Naipaul, like many of Trinidad’s natives, traced his roots further back to India– he was the descendant of indentured Indian laborers shipped into the Caribbean by the British colonizers (that’s why Caribbean food has strong overtones of Indian cuisine). I was a kid when Charu, who’s married to my cousin Neetu and who was a journalist for a Bombay newspaper, got the enviable job of interviewing Naipaul and accompanying him as the writer researched some of Bombay’s venues for a book.
Neetu’s sister, Maithili, was my best friend, and I’d spend a lot of time at their home. Every day Charu would return with stories that I don’t remember any more but which, I recall, dovetailed perfectly with Naipaul’s fame as a rude, cranky, egotistical and eccentric character. But there was no doubt that Charu was enjoying every minute he was spending with this legendary personality.
Just how lucky he’d been became clearer to me when I read my first Naipaul book (also Naipaul’s first): a short novel written in 1957, called The Mystic Masseur. The book was made into a movie some time in the last decade with Aasif Mandvi (the “brown guy” on the Daily Show with Jon Stewart) in the lead role and it was pretty good too.
Mystic Masseur remains, to date, my favorite Naipaul work because I’m a sucker for intelligent humor and irony, and this book has loads of it. The story centers around a Trinidadian of Indian origin, Ganesh, and the hilarious journey he makes from an unsuccessful masseur to a super-succesful mystic who “miraculously” heals people, to a politician.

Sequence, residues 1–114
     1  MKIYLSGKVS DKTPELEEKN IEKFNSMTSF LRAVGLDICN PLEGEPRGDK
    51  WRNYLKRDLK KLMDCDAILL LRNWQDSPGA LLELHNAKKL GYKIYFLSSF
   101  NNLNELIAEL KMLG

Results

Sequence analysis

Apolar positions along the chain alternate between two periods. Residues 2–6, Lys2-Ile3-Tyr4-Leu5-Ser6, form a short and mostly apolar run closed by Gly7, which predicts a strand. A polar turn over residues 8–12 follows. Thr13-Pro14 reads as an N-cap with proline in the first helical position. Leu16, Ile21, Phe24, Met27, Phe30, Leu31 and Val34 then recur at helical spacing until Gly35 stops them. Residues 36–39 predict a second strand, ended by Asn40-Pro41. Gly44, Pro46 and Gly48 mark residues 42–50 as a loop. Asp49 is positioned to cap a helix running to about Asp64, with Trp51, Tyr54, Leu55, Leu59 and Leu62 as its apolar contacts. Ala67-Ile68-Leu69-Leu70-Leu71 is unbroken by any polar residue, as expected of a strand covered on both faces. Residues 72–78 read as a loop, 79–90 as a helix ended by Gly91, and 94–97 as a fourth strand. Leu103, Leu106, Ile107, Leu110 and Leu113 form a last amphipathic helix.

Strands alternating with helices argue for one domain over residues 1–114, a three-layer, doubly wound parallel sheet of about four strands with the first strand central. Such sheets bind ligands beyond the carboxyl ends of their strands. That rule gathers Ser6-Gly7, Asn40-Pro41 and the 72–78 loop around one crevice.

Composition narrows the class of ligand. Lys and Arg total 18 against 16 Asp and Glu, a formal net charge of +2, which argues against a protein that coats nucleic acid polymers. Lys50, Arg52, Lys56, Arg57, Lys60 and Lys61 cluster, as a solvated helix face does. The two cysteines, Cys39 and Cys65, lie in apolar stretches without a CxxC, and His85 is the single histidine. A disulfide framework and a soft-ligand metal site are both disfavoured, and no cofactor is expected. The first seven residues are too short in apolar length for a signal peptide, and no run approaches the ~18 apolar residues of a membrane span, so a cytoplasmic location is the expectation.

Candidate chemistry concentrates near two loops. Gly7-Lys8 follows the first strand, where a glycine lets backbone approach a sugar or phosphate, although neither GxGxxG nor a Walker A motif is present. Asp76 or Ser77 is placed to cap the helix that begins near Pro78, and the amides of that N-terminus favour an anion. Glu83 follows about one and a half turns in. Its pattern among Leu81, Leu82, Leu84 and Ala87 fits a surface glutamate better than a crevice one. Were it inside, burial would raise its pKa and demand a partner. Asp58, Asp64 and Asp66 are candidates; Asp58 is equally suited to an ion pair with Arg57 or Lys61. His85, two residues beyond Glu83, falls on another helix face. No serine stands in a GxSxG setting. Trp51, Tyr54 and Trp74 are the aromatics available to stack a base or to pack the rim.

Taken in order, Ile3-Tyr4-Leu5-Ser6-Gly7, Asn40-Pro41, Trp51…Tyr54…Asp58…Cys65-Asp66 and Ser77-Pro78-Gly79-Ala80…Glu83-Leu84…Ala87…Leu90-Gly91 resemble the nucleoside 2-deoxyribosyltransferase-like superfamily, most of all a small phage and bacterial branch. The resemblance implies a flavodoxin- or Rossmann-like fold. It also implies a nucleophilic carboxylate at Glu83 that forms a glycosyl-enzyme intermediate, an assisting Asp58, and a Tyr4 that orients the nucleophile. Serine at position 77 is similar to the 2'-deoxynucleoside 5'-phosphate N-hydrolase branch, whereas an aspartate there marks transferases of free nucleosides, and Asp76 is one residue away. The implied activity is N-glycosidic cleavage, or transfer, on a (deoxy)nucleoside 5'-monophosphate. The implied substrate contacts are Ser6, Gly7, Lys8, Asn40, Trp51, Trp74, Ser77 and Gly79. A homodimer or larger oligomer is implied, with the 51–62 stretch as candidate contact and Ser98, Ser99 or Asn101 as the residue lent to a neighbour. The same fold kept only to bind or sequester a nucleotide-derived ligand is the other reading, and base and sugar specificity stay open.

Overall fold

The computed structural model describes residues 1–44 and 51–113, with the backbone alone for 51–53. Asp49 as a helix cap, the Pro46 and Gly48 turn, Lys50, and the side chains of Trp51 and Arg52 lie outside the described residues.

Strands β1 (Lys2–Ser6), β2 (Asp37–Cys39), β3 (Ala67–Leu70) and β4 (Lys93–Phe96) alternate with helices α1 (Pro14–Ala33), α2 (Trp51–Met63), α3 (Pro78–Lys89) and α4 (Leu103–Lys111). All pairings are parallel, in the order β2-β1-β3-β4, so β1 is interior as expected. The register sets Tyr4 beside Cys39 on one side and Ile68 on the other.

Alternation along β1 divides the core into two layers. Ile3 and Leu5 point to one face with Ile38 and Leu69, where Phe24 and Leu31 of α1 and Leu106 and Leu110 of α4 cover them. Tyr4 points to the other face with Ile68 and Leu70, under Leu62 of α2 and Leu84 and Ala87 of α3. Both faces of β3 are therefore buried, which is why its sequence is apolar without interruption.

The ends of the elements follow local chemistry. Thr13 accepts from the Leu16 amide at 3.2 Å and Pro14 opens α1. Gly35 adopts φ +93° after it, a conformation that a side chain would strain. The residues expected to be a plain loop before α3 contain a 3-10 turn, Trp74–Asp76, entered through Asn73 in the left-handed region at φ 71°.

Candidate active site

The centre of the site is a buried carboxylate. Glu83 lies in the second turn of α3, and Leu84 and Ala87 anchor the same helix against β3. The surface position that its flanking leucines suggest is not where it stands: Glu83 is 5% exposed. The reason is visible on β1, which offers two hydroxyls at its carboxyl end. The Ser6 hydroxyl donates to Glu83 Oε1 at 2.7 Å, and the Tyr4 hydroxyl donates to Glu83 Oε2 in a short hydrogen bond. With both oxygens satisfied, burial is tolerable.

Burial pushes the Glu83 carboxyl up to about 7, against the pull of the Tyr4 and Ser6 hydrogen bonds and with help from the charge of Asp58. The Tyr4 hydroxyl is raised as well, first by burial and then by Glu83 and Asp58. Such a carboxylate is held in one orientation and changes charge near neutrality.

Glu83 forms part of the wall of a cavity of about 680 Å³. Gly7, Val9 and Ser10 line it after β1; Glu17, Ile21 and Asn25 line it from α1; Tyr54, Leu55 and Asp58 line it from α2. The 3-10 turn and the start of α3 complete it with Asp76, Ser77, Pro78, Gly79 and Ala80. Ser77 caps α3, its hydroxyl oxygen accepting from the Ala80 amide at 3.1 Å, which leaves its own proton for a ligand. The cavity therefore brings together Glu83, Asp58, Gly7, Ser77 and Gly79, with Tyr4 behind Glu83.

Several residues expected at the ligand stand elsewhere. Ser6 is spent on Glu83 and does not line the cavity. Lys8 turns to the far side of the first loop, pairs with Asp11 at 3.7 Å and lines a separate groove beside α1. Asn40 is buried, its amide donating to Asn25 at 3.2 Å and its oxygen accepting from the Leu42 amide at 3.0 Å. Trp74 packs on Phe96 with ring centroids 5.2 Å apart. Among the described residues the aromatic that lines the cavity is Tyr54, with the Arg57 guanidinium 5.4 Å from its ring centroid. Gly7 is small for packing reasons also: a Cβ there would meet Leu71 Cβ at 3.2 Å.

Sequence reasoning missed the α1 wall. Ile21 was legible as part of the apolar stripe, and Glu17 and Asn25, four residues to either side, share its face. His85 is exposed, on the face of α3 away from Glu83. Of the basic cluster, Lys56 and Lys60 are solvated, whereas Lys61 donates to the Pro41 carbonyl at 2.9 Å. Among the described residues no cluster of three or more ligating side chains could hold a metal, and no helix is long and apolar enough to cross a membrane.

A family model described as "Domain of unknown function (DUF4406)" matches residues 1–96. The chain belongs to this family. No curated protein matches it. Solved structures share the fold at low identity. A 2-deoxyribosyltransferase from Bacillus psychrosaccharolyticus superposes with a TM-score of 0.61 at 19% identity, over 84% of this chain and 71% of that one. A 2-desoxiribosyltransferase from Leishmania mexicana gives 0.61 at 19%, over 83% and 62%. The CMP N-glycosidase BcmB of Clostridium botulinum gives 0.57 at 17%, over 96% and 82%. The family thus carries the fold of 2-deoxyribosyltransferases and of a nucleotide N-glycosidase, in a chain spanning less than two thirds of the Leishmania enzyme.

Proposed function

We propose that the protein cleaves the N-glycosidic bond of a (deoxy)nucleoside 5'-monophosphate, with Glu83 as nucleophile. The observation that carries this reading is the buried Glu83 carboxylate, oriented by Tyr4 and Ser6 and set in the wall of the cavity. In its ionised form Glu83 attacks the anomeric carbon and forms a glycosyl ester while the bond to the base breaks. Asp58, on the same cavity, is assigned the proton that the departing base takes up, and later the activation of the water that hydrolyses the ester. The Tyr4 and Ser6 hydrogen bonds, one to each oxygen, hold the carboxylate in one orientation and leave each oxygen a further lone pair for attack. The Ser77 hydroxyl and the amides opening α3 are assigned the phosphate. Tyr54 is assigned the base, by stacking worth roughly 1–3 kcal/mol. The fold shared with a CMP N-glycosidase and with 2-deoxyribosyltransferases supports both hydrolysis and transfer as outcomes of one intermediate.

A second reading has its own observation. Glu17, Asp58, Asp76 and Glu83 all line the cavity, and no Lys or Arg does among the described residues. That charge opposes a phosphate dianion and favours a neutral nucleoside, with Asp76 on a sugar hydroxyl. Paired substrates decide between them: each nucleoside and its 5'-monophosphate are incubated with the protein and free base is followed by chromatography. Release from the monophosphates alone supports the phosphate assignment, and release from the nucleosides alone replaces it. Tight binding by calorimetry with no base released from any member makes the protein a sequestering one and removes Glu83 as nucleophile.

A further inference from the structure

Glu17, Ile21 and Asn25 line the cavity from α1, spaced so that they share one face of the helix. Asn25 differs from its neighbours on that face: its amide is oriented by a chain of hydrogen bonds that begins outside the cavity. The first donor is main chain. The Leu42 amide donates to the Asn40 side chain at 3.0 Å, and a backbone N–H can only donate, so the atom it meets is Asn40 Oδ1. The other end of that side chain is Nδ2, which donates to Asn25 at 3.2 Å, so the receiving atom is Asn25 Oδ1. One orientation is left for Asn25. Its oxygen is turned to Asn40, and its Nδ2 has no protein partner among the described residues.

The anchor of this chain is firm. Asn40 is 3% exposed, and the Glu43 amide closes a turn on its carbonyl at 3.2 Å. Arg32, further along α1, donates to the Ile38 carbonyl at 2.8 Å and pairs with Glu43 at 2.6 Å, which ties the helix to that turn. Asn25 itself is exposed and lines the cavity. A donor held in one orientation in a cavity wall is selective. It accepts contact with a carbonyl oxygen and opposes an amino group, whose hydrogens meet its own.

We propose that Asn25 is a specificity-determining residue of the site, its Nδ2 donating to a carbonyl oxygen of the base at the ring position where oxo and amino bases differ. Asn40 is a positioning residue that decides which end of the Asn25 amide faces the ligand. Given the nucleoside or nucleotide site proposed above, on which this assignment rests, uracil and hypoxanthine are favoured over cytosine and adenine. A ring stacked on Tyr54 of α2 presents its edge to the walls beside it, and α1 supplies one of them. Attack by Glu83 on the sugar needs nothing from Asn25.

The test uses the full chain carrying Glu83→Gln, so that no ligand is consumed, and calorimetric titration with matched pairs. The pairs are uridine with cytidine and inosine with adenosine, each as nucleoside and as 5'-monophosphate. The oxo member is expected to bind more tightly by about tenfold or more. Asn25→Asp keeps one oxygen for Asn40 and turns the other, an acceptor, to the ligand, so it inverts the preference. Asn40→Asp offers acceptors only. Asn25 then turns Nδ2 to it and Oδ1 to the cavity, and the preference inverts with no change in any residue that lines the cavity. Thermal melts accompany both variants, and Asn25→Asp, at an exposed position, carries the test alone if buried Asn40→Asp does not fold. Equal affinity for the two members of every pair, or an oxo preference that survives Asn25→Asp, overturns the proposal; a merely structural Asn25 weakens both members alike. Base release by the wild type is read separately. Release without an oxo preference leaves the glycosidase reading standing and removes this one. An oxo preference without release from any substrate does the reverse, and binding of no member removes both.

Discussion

What makes the book truly remarkable is the beauty of Naipaul’s writing, the delightful character of his words and how beautifully they capture the colloquialisms of the English spoken in Trinidad:
“My mother distrusted doctors and never took me to one. I am not blaming her for this because in those days people went by preference to the unqualified masseur or the quack dentist.
‘I know the sort of doctors it have in Trinidad,’ my mother used to say. `They think nothing of killing two three people before breakfast.’
This wasn’t as bad as it sounds: in Trinidad the midday meal is called breakfast.”
You could definitely have my Green Beans and Potato Curry for a Trinidadian breakfast, along with these delicious stuffed rotis that I posted yesterday. Here’s the recipe, adapted from a Sri Lankan curry from World Vegetarian. Enjoy!
2 cups french-cut green beans (I used frozen)
2 medium potatoes, diced
1/2 tsp turmeric
2 sprigs fresh curry leaves
1 large onion, finely chopped
4 cloves garlic, minced
1 tsp finely grated ginger
2 green chillies, minced
2 tsp Trinidadian spice mix (recipe follows)
1/2 cup canned or fresh coconut milk (should be quite thick)
1 tbsp canola or other vegetable oil
Salt to taste
Lemon juice to taste
Heat oil in a skillet. Add the curry leaves and onions and saute until the onions turn translucent, about 3-4 minutes.
Add the garlic, ginger and green chillies and saute another minute.
Add the green beans and stir-fry around 2 minutes. Now add the spice mix and turmeric and stir to coat the vegetables.
Add the coconut milk along with 1/2 cup of water, the potatoes and salt to taste. Bring the curry to a boil over medium heat, then cover, lower the heat, and allow it to simmer for 15 minutes or until all the veggies are tender.
Stir in the lime juice.
Serve hot with Stuffed Rotis or with any flatbread.
Trinidadian spice mix:
2 tbsp coriander seeds
1 tsp cumin seeds
10-15 black peppercorns
1/2 tsp fennel seeds
1/2 tsp of mustard seeds
1/2 tsp fenugreek (methi) seeds
Roast all the spices together in a small, dry skillet until they turn a couple of shades darker. Be vigilant and stay with them– you don’t want them to burn.
Grind into a fine powder in a coffee grinder or spice grinder. Store any unused spice mix in an airtight jar in a dark place.
I’ll be posting the roundup of IAVW: Malaysian this weekend, so stay tuned for some great recipes. And don’t forget to send your entries for IAVW: Indian to Graziana at Erbe in Cucina all of this month.
Have a great weekend, folks!